Most of the campaign for the presidency seems like a schoolyard brawl with lots of name calling and taunting and dares. Nobody seems to have an idea any better than to accuse his opponent of idiocy or criminal activity or intent to destroy
America. And Congress joins the battle with gusto, pushing and shoving and whining like sixth
graders. And the media cheer and
encourage, always looking for some sensational accusation to publish or
announce. And, in the meantime,
significant portions of the populace think President Obama is not a citizen,
cannot say who the Vice President is, or have never heard of Mitt Romney. And all this amid campaigns to get everybody to vote. We don’t need anybody to destroy America. We are doing it ourselves.
The political game has always been rough, but there have been rules and there have been positive messages and plans and proposals and ideas. Here are some data that may explain the widening gap between left and right, disappearance of the political middle, and the increasingly toxic political environment. Click on the chart for a higher resolution view. (Note: A friend just pointed out an error in the original chart. Republicans controlled the Senate 1981-1987 during the Reagan administration. I had the numbers transposed. Corrected graph below.)
From 1960 until 1995 Democrats were in control of both houses of congress (Correction: except for the Senate during six years of the Reagan administration), holding about 60% of the seats vs. 40% for the Republicans. In that environment, partisanship was muted because it was not necessary for the Democrats to all stick together in order to pass legislation and there was no need for Republicans to stick together. There were conservative Democrats interested in fiscal responsibility and liberal Republicans focused on social issues. But that all changed in the 1994 mid-term elections after which, for 12 years, Republicans had a slight edge, and party solidarity became the prime concern. Reaching across the aisle was immediately classified as politically incorrect.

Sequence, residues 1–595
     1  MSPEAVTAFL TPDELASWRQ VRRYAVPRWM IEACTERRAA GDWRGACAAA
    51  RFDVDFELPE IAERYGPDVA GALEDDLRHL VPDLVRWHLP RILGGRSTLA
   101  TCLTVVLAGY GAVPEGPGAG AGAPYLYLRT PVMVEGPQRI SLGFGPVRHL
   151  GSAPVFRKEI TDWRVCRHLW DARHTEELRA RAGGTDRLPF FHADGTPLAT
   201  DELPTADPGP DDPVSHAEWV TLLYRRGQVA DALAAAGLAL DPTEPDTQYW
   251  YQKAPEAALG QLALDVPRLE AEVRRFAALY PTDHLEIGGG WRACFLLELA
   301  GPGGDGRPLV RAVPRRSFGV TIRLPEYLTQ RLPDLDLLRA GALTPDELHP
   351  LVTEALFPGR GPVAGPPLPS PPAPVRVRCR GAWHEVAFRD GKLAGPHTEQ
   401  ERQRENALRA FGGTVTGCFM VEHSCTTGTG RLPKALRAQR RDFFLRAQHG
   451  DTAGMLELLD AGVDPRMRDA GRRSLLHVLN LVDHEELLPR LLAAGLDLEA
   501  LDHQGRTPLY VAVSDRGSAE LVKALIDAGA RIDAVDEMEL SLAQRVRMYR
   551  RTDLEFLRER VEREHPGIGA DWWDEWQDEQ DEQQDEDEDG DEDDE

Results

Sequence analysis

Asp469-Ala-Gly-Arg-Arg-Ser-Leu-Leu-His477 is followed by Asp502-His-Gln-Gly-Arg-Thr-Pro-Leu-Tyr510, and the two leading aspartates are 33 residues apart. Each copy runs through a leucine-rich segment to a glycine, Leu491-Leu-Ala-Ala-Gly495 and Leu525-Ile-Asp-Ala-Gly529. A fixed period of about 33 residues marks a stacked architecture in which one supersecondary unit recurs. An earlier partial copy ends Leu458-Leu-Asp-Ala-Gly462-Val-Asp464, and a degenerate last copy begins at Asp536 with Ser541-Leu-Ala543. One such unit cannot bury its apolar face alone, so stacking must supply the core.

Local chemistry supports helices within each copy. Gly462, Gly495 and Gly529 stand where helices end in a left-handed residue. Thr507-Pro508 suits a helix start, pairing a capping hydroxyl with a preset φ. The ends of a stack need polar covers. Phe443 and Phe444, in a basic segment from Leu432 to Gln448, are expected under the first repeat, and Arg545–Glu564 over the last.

For the first six of those years, Democrat President Clinton and the Republican Congress cooperated with the growing tax revenues resulting from the false prosperity of the dot com boom to generate budget surpluses and begin reducing a national debt that, compared to the economic mess we now have, seems trivial. During the last six of those years, Republican President Bush and the Republican Congress began rebuilding the deficit with tax cuts, unfunded wars, and an expensive Medicare prescription drug plan. Their folly was muted by the growing tax revenues resulting from the real estate bubble, but that came to an end along with President Bush’s second term.
The 2008 elections, in the midst of the financial crisis, swept in President Obama with comfortable Democrat majorities in both houses and allowed the trio of Obama-Reid-Pelosi to ram through an undefined and open ended Affordable Care Act with zero support from Republicans. And the animosity index soared. The expected reaction, a major swing back in the Republican direction, occurred in the 2010 mid-term elections with Republicans regaining their majority in the House but falling slightly short in the Senate. And, as we approach the November 2012 elections, ego protection and defense trump the national interest in every case.
If you come up with a solution to this mess, let me know. But in the meantime, let’s try to resist blaming all our problems on the recent strength of the Republican Party. The seeds of all our economic difficulties, establishment and expansion of unfunded liabilities in the form of social entitlements, were sown in the fifty years 1935 to 1985, usually with bipartisan support and with both Democrat and Republican presidents. And now we are reaping what has been sown.
So, just the fact that Congress was better behaved in earlier decades doesn't mean it was doing a better job.